BLOG: How insurance companies can build trust with millennial customers

Only 24 percent of Millennials purchase insurance from local agencies, but that can change, writes Zach Robbins of Leadnomics.

The largest generation in the United States is also the most underinsured. Millennials are at conflict when it comes to insurance shopping: While they are twice as likely as other groups to purchase insurance online, they are also the group least satisfied with the online experience.
Millennials are born multitaskers who crave the speed and convenience of shopping on the Internet. At the same time, they want personalized experiences that recognize their individuality. On the surface, these seem like dueling concepts. In fact, only 24 percent of Millennials purchase insurance from local agencies. How can you get personal when you’ll likely never see your customers’ faces?
Strong customer relationships are possible in the Internet age; they just require a more creative approach. Here are four things insurance companies can do to better engage and build loyalty with Millennial buyers online:
  1. Be more than a brand. As the “social responsibility generation,” Millennials intrinsically distrust big brands. They won’t jump on board because of a familiar name; they want to align themselves with companies that view the world as they do.
Millennials have strong b.s. detectors, and they’re always on. They know when a company’s only goal is to make a sale. A deeper reason should exist for Millennial customers to see that being a part of your brand’s story will contribute to their own image and ideals. Maybe this policy is truly the best fit, or your company has better ethics than competitors — or perhaps when you say your customer service is unmatched, you really mean it.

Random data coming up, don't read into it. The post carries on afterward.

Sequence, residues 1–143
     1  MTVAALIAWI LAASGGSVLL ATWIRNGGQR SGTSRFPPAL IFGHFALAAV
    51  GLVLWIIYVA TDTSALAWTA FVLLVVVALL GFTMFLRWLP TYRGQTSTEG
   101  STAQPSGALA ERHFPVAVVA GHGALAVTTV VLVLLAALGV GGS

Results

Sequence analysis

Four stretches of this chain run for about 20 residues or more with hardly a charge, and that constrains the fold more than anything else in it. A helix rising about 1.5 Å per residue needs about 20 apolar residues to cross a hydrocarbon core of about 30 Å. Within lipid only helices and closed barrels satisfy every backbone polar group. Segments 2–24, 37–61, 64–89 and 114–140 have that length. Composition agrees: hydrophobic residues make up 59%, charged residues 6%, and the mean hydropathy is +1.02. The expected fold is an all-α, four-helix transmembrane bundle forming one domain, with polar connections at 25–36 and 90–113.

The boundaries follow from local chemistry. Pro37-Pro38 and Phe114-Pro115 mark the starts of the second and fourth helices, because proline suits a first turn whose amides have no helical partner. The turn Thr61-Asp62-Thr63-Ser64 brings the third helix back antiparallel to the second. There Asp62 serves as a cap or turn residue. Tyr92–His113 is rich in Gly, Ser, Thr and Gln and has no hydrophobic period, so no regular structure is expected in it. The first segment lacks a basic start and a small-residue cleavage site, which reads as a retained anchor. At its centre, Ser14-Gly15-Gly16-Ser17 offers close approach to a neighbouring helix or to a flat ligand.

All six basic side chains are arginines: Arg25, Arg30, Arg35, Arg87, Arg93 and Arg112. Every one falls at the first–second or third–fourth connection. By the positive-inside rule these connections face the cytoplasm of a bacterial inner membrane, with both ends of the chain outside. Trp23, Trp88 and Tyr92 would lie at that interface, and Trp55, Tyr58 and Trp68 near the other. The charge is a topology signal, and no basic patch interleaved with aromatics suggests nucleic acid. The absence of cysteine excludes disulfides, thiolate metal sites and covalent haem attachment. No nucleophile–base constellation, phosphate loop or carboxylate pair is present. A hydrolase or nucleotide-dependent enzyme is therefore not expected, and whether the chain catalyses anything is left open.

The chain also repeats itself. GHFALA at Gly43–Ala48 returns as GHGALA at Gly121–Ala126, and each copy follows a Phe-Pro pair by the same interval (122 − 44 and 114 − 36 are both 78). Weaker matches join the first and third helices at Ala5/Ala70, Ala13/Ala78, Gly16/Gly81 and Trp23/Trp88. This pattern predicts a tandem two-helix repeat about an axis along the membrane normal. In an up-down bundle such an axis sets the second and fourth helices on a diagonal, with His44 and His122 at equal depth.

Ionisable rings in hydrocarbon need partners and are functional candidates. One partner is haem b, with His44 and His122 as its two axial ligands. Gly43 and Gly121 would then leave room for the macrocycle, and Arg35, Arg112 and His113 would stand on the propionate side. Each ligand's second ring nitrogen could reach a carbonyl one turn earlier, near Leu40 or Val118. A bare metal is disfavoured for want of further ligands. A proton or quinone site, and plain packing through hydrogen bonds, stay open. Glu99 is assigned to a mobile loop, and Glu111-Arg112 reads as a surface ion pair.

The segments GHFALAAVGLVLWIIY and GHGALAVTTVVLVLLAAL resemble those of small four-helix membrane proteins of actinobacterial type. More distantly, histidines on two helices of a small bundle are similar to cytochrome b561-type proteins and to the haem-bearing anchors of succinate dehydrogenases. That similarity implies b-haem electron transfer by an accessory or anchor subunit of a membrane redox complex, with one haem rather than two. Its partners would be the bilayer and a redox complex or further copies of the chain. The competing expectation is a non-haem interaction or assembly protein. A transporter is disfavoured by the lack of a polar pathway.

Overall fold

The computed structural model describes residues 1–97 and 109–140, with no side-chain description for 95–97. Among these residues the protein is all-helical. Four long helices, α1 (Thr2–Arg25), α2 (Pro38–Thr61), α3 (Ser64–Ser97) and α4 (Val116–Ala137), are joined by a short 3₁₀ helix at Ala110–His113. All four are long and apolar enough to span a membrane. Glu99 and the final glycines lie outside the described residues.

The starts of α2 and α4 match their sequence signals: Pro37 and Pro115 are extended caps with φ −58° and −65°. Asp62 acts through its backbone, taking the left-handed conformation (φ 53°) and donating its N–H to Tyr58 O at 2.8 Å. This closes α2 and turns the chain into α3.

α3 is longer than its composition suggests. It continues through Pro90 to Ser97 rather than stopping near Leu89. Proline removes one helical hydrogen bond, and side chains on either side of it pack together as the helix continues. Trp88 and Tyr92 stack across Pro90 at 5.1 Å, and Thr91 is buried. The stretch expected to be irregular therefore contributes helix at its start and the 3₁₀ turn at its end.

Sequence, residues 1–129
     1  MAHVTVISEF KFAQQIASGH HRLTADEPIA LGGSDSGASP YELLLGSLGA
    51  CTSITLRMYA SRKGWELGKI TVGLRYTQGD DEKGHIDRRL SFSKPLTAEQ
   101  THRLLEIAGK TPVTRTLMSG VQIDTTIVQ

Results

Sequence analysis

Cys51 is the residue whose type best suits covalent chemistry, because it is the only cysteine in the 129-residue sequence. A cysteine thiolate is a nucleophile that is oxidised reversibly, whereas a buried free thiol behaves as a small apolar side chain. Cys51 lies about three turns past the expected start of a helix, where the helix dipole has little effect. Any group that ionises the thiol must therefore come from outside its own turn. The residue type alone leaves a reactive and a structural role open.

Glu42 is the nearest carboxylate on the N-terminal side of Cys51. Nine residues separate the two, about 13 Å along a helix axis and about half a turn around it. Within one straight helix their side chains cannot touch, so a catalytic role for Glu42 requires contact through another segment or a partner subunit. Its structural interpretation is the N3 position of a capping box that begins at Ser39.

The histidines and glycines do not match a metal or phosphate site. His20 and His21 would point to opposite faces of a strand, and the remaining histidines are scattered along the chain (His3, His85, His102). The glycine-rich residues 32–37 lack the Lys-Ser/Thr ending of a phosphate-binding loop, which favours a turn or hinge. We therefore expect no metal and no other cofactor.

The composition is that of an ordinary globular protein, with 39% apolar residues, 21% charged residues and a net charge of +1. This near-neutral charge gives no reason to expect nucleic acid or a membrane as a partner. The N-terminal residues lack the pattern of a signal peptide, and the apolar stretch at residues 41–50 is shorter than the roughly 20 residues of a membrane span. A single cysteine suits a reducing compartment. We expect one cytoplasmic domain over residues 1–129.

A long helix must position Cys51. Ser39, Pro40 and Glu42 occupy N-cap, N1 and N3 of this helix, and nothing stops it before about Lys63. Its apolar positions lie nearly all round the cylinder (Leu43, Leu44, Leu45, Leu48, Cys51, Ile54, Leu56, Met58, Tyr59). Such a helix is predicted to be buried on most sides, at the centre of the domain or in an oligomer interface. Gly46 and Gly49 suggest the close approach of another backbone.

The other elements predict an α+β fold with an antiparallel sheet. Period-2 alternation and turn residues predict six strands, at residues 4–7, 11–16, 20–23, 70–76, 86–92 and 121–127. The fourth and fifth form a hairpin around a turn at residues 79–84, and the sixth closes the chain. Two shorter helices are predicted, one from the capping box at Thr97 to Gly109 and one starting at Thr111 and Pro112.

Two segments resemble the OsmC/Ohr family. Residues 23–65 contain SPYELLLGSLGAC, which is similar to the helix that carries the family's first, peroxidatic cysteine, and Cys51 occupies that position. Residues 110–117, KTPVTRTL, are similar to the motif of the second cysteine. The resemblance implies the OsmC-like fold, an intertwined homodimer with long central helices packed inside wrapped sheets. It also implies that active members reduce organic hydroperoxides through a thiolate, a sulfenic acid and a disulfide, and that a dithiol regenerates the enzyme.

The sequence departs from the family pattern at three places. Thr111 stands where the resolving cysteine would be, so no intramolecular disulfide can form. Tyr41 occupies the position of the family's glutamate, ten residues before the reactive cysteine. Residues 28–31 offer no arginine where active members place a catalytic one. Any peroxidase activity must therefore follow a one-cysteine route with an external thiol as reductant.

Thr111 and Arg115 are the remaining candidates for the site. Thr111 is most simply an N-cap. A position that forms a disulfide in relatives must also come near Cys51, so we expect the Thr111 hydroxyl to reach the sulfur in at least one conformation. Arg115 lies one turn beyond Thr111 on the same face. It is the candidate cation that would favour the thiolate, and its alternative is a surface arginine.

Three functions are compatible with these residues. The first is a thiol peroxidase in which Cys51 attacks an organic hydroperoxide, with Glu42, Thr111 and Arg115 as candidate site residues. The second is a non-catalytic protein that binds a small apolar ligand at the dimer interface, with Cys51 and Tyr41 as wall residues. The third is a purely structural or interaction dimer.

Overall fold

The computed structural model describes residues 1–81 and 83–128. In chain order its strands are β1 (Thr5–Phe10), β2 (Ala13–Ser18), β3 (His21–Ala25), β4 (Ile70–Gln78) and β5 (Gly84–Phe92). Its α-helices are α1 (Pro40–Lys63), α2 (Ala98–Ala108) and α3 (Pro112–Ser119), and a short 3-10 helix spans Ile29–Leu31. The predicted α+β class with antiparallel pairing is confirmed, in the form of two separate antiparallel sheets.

1. Educate and serve before you sell, but not too much. Because Millennials are inherently wary of the hard sell, don’t jump right to the close. Focus on the process — a moderate amount of education and relationship building will go a long way to both landing a sale and building long-term customer loyalty and trust.
However, be careful not to turn your website into a graduate thesis on insurance. Too little education puts you at risk for errors and omissions, but too much education devalues your purpose as an industry guide and can turn the consumer off with confusing industry lingo. Consider yourself a well-informed concierge — offer just the right amount of expert information in a way that’s clear to someone unfamiliar with the territory.
  1. Make your business approachable. Frankly, to the average person, insurance is boring. It will always be a to-do list item your customer would rather not do. It’s up to you to make the experience as simple, painless — and yes — even as enjoyable as possible.
“Because we’ve always done it this way” is the enemy of innovation. Be creative with how you approach customers and what services you offer. Design a more user-friendly website or mobile app, a fun approach to emails, or a lighter company voice — even the driest industries can have a little fun. Just be careful not to go overboard with the trendy ideas.  
  1. Build relationships for the long haul. Real relationships aren’t one-night stands. Stay in touch with your consumers over time — not with gimmicky advertising or blatant sponsorships, but with thoughtful and relevant touchpoints.
Did a young married couple just swap out a coupe for a minivan? Send them an article reviewing the best car seats in the market. Did a recent graduate purchase renters insurance for the first time? Offer content on the top 10 things all new renters need to know. Provide personalized value to your consumers, and you will naturally earn their engagement.
The Millennial generation is the insurance carriers’ biggest opportunity and biggest threat. With innovation, empathy, and thoughtful planning, carriers and agents can evolve to meet the needs of the digital generation.
Zach Robbins is the co-founder of Leadnomics, a Philadelphia-based digital marketing company.


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